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Track to Te Wairere Waterfall and Jim and May Brodie bridge now open

After four years of planning, discussion and action the new track from Pa Road bridge to Te Wairere Waterfall on the Wairoa Stream was opened last Saturday and can now be accessed by the public as far as the waterfall.

This is a community project jointly managed by Vision Kerikeri and Rotary Kerikeri with the help of Friends of Wairoa Stream and supported by other community groups including the Men’s Shed and Shade House Volunteers.

Coverage of the opening by the press:

The Opening Ceremony

The opening was well attended by about 90 people and in his opening remarks, Rod Brown of Vision Kerikeri, said that he was very grateful to Emily and Richard Fladgate for granting access across their property and enabling the river to be bridged.

He also paid tribute to Rotary Kerikeri for the construction of the challenging 12 metre span bridge under the direction of Rotarian, Keith Day.. Rod also acknowledged Michael Sidey of Wanaka who made the bridge possible by a generous donation of $10,000 for bridge materials. Although Michael had never lived in Kerikeri, his grandparents Jim and May Brodie owned Pagoda Lodge during the 1950’s and he wished to remember them in a practical way which would also serve the Kerikeri community. The Walking Access Commission had provided advice and funded legal, survey and signage costs. Rod also acknowledged the positive support of the Community Board which had helped with grants and, Council officers, who had been very supportive throughout.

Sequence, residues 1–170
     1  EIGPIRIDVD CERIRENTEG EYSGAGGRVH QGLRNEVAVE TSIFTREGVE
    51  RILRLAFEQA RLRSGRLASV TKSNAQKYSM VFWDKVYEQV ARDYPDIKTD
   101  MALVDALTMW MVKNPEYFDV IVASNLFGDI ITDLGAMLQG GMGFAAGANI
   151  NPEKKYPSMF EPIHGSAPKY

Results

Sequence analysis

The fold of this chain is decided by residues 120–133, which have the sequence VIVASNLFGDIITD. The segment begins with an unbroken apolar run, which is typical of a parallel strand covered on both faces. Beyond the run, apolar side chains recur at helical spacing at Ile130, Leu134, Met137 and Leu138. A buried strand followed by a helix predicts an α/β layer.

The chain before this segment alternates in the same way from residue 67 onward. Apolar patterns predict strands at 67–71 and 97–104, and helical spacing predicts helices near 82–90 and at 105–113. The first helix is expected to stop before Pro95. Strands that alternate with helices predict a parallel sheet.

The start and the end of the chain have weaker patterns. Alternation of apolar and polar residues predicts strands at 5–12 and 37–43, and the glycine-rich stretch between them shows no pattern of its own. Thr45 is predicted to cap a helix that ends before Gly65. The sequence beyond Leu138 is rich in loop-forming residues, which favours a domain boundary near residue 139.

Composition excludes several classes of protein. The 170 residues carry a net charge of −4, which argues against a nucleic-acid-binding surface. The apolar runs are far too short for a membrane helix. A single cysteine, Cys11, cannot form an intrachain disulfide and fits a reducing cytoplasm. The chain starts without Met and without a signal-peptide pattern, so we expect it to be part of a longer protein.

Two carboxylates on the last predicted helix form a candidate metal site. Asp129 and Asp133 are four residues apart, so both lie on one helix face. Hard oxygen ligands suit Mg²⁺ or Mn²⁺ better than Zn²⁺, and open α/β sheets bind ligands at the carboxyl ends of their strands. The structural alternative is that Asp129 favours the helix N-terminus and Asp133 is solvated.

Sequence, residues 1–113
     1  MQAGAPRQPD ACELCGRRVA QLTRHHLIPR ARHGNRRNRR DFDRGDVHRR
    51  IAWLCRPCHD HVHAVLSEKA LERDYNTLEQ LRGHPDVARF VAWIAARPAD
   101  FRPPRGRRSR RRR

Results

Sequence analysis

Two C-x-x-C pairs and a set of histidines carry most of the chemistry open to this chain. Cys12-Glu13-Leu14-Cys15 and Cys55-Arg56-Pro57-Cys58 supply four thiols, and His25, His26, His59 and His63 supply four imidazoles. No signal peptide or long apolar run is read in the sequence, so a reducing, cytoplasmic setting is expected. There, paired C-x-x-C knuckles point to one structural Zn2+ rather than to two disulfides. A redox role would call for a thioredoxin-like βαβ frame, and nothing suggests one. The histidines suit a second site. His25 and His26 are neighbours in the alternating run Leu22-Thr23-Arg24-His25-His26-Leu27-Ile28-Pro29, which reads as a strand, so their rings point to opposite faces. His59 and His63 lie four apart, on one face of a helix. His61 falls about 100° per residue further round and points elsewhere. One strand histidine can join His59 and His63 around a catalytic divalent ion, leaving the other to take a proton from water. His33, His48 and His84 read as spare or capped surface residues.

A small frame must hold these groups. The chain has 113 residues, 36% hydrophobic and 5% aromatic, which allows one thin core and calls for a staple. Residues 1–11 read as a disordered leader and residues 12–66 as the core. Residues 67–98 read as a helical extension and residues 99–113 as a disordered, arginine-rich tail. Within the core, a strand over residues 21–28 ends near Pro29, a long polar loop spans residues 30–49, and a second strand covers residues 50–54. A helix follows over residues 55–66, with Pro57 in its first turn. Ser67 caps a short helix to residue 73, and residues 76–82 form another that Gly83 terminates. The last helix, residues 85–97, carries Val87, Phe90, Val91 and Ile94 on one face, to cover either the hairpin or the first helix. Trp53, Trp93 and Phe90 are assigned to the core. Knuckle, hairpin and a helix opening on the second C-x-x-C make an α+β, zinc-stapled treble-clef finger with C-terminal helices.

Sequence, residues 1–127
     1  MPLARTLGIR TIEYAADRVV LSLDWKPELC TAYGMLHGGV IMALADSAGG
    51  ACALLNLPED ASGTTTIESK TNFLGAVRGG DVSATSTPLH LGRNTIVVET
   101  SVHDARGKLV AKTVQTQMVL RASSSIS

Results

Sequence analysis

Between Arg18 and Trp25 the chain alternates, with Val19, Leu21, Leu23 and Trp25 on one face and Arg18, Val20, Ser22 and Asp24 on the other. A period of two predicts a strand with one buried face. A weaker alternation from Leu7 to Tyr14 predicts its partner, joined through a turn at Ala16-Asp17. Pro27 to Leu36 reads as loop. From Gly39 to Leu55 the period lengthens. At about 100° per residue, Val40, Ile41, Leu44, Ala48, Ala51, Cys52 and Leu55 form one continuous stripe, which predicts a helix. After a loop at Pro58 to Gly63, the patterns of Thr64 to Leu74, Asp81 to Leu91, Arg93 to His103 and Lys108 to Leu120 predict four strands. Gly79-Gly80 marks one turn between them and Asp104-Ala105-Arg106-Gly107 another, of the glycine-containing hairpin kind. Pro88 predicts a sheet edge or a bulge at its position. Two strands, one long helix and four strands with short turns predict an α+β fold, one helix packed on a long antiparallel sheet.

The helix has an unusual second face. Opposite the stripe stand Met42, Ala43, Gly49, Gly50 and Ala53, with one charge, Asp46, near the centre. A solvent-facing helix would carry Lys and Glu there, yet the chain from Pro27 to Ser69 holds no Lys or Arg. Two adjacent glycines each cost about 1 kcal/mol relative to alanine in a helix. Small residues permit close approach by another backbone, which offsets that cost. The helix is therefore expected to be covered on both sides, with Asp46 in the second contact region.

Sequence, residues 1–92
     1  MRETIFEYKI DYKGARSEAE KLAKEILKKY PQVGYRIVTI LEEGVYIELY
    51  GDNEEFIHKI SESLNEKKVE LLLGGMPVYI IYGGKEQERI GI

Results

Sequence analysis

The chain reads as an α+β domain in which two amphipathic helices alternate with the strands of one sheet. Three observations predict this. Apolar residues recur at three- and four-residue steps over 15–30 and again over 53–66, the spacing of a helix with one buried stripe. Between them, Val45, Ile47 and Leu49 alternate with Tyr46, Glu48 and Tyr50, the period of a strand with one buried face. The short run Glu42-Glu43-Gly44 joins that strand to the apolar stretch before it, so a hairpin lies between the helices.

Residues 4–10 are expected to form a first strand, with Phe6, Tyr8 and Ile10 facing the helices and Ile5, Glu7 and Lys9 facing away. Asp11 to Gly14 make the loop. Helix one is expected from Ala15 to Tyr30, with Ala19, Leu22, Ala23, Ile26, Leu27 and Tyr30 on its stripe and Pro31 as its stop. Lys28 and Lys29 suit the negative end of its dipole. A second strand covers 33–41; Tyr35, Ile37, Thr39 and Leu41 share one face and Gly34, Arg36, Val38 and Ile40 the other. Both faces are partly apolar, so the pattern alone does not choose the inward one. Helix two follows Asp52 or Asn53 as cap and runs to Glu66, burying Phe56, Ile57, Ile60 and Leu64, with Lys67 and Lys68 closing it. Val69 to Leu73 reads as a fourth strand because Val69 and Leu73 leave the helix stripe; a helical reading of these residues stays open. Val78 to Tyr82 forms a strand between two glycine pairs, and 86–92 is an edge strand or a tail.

Under the guidance of Mayor Carter, the Jim and May Brodie bridge was opened and the ribbon was cut by Michael Sidey’s granddaughters Zoe aged 6 and Nina aged 4, thus commemorating 4 generations of his family. Led by Kipa of Ngati Rehia, the community then crossed the newly blessed bridge.

How to Access the Track

If you are walking to the track it can be accessed from; the bottom of Alderton Drive, via the Pa Road footbridge track and from Kororipo Heritage Park. It starts as a grassed esplanade along the bank (town side) of the Wairoa Stream.

If you are planning to arrive by car please do not park in Alderton Drive as this is a private road. You will need to park in the Kororipo Heritage Park public carpark located on the right hand side of Kerikeri Road just before the Stone Store. You can access the track by walking up and across the Kainga (access from the car park) in the Heritage Park and follow the DOC Te Araroa Track signs. That short track will lead you to the Pa Road footbridge but you will see signage pointing to the Te Wairere Track just before you reach bridge.

The Waterfall Track is well formed with several bridges and is marked with orange triangles. It is roughly a 1 hour return journey to this beautiful and previously ‘lost’ waterfall. The track makes a great detour for people using; the Pa Road Footbridge Track (part of the Te Araroa Trail), the Hongi Hika Track or walking in the Kororipo Pa area. Suitable footwear is recommended as it is uneven in many places and will be slippery in damp conditions. The track should not be used when the river is in flood.

It is an easy walk that initially follows the right bank of the Wairoa Stream and then crosses to the left bank where it follows an historical path used during the 19th century. In the short term, you will need to return via the same route.

Linking the Walk

A further 600 metre track is being constructed around the Te Wairere Waterfall to link with the public walkway and wildlife corridor already formed by Vison Kerikeri and Living Waters that exists from Orchard Estate housing development to Samaree Reserve. The link track will be opened as soon as a safety barrier is constructed around the waterfall cliff face by volunteers from the Friends of Wairoa Stream. This will give a more than 3 km public walkway from Pa Road Bridge to Sammaree Reserve providing an alternate entry / exit point at Cobham Road Bridge, close to the centre of town.

Work on further extending the walkway to link with Campbell Lane is now in the planning stages.

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